A CDC official stated that “public dissemination of research results is a critical aspect of the work CDC does to benefit the public health.” In regard to products or data that was non-patentable subject matter, the CDC official said that “publication, material transfer agreements, and biological material license agreements, as appropriate, are some of the means to disseminate and support further development of unpatented technologies for the benefit of public health.”
A representative of a Washington D.C. University Office of Technology Commercialization similarly stated that “in some cases, just maintaining the inventions as materials that can be licensed under Biological Materials Licenses is sufficient. During the pandemic, we are not requiring fees or royalties for any licenses we do for inventions that may be useful in addressing the pandemic.” When asked about the potential use of trade secret protection, the representative stated that “we have considered the use of trade secret protection, when appropriate, but it has been rare.”
An FDA official within the Center for Biologics Evaluation and Research stated that FDA is “encouraging sponsors to be maximally transparent with data during the COVID-19 public health emergency, but FDA continues to respect the commercial/confidential/trade secret information.”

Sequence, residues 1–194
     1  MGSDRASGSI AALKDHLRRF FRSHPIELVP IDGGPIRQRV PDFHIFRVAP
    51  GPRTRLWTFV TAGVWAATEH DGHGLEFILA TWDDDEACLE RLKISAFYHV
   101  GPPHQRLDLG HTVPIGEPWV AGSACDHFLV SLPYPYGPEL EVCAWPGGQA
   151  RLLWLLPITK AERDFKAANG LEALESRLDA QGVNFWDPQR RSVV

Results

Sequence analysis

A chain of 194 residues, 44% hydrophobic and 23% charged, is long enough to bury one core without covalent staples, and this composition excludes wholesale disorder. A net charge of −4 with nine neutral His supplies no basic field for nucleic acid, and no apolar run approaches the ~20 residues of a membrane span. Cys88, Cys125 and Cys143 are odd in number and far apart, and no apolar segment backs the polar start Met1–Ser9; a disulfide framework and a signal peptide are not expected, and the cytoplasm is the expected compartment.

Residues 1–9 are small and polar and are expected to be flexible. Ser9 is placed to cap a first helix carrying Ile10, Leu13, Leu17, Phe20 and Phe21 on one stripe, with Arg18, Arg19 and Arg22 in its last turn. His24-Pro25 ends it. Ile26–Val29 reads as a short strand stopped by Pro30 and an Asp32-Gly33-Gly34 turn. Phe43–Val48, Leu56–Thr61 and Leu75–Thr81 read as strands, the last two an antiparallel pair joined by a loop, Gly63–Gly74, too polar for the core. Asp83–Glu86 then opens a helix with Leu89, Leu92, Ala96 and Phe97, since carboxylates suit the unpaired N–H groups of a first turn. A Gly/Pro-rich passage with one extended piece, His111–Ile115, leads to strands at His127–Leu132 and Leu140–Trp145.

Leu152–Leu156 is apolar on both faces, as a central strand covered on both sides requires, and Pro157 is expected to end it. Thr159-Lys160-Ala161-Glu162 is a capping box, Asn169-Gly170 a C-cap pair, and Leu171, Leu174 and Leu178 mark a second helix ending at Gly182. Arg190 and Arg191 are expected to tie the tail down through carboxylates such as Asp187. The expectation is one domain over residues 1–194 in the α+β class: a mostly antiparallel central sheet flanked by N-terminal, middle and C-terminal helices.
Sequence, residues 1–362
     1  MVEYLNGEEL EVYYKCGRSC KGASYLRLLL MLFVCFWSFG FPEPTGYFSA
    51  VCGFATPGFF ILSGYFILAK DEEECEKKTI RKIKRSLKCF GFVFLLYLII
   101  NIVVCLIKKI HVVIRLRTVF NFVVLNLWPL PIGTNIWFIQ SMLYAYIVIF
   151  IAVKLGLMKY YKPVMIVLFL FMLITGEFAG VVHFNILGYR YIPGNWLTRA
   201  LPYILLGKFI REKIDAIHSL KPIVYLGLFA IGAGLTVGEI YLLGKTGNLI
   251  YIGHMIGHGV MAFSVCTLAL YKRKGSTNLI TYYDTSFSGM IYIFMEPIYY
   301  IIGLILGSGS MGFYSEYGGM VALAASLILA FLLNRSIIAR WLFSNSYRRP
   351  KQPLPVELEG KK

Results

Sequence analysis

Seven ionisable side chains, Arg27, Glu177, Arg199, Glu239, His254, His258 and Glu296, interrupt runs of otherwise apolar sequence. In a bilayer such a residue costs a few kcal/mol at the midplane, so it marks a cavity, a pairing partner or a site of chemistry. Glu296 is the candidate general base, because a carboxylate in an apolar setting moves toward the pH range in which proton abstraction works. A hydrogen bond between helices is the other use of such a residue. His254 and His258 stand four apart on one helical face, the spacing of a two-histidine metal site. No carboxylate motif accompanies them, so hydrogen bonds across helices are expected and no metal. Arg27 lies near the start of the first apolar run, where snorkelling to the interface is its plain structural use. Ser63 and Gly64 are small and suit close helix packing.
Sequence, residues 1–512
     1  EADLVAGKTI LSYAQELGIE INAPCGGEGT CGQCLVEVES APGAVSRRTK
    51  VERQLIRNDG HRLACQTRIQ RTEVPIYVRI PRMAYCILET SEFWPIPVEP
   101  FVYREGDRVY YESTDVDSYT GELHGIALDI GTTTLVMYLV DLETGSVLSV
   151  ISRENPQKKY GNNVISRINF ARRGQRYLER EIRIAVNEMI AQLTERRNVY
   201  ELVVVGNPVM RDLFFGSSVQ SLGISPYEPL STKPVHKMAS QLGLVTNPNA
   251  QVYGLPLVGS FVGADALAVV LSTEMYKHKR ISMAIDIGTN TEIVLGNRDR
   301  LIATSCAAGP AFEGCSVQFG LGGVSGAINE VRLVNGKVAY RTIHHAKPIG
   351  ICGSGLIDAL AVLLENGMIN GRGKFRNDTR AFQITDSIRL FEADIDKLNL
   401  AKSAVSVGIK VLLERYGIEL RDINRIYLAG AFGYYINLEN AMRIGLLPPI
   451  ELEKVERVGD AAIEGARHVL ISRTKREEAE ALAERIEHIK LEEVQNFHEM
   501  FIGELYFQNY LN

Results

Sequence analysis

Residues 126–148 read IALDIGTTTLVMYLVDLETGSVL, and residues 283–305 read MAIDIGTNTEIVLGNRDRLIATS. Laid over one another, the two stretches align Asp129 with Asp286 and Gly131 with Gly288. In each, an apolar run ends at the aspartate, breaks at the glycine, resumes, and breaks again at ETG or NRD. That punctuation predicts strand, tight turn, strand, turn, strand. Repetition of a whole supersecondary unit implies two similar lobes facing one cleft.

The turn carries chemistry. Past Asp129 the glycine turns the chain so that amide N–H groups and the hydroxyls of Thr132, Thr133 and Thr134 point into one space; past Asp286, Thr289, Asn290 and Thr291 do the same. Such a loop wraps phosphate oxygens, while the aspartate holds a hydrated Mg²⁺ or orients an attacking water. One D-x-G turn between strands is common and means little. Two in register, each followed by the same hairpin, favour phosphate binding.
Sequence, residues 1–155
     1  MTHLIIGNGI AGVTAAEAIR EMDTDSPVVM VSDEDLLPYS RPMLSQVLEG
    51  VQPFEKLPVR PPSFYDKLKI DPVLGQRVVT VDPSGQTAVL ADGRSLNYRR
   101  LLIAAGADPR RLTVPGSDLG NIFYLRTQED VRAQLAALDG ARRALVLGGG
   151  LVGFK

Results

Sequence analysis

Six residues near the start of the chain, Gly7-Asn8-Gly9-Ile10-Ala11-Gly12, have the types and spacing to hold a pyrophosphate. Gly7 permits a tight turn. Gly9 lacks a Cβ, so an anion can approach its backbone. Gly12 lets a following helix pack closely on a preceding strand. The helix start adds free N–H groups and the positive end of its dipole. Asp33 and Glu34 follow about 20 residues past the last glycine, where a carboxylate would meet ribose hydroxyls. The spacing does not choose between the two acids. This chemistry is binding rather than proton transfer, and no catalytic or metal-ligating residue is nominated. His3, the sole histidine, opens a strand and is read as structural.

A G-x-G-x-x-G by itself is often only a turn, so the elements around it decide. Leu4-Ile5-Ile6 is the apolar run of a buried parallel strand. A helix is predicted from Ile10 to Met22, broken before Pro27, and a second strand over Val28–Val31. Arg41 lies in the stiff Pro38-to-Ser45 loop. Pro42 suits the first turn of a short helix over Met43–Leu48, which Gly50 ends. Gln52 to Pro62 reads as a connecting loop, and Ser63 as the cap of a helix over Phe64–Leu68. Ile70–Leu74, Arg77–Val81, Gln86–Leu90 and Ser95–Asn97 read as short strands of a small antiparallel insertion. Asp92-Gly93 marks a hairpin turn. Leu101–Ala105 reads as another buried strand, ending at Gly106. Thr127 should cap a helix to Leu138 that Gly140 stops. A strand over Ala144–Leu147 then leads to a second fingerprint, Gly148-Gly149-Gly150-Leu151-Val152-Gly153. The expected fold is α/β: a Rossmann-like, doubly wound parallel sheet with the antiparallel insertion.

The White House Office of Science and Technology Policy directed us to an announcement regarding the launch of the Global Partnership on Artificial Intelligence, created to enhance multi-stakeholder cooperation. The announcement also stated that government sponsored COVID-19 epidemiological data would be made accessible to the public to the greatest extent possible.
A Congressional Committee staffer directed us to the recently launched USPTO database, called “Patents 4 Partnerships,” a searchable repository of patents and published patent applications related to the COVID-19 pandemic that are indicated as available for licensing. This new platform will facilitate the voluntary licensing, enabling patent owners who want to license their IP rights to connect with individuals and businesses who can turn those rights into solutions.
Balancing Trade Secret Protection in an Era of Transparency
Whereas the quid pro quo for a limited patent monopoly is an enabling disclosure, the precondition for trade secret protection is maintaining secrecy. Amidst the precedent set by Myriad and the current policy landscape, manufacturers of products ineligible for patent protection are faced with a dilemma – disclose their data and reap no financial reward, or keep their data a secret and take a stance firmly against public policy.